Economic Analysis Of The Droit De Suite- The Artist's Resale Royalty
AbstractInterest in the Droit de Suite, the artist's resale royalty, has been re-kindled by the decision of the European Union to introduce such a scheme to apply from 2006. The general nature of the Droit de Suite as an extension of copyright is discussed. The specific proposals for a Droit de Suite in Australia are analysed. Economic arguments support the sceptical view of the Droit de Suite. It is argued that the introduction of the Droit de Suite would be predicted to reduce sales of new paintings, that selling activity would move to jurisdictions which do not have a Droit de Suite and that artists would prefer to alienate their Droit de Suite by sale of a painting. The economic analysis is supplemented by an empirical study of art auction prices of 72 artists in Australia over the period 1973-1989 which reveals that the works few artists achieve a capital gain on sale in the secondary market re-inforcing the view that, if implemented, a Droit de Suite would provide payments to only a small number of artists who are likely to be in good economic circumstances. The burden of the Droit de Suite is shown to fall on the collector when selling paintings. The effect of the imposition of the Droit de Suite will be to lower the gain to collectors of paintings. It is concluded that the Australian proposal for the Droit de Suite is based on an inadequate analysis of the art market and would require a registration procedure for art works incurring heavy costs in relation to the funds available for distribution. Copyright Blackwell Publishing Ltd/University of Adelaide and Flinders University of South Australia 2003.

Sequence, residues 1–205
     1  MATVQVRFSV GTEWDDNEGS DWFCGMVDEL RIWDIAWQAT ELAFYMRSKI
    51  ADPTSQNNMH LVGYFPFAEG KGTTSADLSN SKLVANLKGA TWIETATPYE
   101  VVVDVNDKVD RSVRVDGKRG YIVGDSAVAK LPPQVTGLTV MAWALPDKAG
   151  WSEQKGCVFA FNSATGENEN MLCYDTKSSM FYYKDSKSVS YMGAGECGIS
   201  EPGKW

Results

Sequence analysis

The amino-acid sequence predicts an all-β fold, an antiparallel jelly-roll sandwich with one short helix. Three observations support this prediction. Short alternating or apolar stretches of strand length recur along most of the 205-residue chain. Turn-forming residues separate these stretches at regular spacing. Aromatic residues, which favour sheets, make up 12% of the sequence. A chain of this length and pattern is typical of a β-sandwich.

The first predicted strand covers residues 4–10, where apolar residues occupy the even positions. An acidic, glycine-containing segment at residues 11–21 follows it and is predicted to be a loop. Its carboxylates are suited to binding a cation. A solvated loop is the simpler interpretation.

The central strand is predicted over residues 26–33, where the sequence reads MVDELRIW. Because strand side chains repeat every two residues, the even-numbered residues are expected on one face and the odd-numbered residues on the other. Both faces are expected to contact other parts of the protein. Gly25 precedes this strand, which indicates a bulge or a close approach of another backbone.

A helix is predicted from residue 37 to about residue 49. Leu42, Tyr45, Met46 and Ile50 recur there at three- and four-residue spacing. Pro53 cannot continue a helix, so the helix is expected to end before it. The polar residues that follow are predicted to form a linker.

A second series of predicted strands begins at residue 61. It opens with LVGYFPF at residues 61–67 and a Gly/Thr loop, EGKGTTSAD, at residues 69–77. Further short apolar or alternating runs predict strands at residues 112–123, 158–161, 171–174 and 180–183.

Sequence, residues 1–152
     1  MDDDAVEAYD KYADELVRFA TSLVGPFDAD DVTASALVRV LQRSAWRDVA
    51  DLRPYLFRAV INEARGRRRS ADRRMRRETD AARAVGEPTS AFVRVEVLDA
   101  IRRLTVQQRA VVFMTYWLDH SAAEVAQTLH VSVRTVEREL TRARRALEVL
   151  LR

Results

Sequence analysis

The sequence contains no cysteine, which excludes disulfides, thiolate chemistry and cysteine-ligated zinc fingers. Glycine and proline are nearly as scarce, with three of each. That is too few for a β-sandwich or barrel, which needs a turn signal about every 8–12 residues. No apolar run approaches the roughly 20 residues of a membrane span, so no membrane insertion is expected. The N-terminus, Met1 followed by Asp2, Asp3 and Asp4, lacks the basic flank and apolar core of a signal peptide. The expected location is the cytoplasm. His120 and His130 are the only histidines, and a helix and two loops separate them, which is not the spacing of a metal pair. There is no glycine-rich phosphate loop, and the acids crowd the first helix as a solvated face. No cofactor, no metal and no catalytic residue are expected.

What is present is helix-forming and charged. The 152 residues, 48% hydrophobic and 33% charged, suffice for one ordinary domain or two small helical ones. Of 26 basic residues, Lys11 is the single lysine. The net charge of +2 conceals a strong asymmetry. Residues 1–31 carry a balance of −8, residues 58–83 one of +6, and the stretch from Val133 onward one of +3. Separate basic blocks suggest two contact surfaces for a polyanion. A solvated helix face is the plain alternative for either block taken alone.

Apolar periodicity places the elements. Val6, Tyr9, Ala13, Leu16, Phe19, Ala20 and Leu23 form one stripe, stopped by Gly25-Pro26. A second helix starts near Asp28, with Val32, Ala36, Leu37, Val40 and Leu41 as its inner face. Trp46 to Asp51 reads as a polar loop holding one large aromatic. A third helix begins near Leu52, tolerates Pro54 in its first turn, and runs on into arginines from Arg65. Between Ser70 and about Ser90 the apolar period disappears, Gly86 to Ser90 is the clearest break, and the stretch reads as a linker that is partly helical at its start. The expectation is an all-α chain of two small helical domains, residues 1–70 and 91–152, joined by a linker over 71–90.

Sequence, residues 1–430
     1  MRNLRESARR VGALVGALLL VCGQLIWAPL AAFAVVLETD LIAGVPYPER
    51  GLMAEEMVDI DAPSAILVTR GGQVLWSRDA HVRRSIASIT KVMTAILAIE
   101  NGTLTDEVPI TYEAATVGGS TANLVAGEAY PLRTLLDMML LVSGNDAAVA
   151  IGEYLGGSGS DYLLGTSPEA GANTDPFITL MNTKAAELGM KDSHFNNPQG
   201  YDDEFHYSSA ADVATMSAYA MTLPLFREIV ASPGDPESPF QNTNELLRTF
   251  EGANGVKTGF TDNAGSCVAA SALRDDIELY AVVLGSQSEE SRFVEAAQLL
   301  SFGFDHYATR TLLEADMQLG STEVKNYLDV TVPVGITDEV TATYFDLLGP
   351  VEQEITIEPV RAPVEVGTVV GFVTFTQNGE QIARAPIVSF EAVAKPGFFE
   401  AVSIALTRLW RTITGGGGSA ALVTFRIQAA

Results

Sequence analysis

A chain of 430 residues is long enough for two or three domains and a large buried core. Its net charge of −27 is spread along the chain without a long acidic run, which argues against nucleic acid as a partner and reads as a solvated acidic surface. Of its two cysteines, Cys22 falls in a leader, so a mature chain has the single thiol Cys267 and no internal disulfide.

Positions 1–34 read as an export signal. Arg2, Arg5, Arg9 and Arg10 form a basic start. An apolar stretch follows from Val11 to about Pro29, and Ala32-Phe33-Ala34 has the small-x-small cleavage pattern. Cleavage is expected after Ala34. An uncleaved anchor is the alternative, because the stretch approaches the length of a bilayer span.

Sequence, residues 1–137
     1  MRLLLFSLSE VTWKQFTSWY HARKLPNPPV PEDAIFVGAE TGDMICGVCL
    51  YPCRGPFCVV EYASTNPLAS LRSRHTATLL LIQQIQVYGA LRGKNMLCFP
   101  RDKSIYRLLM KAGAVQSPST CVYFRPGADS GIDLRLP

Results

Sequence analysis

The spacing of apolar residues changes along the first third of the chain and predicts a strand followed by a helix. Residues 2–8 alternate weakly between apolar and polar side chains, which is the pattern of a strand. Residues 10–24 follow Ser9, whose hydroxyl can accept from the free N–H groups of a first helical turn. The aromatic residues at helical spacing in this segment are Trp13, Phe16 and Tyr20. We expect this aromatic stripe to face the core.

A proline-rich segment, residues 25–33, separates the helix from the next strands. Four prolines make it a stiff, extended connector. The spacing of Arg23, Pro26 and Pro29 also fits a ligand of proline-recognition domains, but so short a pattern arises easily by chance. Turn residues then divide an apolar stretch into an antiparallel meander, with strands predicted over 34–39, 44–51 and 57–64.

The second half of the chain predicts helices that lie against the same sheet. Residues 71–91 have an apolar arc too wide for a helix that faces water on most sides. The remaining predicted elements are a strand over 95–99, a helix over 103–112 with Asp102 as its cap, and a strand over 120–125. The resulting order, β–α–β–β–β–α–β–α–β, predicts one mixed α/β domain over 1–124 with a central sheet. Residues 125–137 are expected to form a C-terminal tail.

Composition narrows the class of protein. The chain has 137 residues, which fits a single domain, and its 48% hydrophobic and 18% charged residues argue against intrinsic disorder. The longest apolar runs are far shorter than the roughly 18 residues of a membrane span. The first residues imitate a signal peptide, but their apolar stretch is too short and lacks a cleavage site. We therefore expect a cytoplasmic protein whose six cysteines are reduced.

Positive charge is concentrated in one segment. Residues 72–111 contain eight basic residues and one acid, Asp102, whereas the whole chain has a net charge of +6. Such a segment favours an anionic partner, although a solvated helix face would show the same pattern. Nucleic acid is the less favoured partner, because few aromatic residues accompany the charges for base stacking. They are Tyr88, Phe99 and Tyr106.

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Bibliographic InfoArticle provided by Wiley Blackwell in its journal Australian Economic Papers.
Volume (Year): 42 (2003)
Issue (Month): 4 (December)
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Web page: http://www.blackwellpublishing.com/journal.asp?ref=0004-900X
Other versions of this item:
- Dr Jon D. Stanford, 2002. "Economic Analysis of the Droit de Suite - The Artist's Resale Royalty," Discussion Papers Series 301, School of Economics, University of Queensland, Australia.
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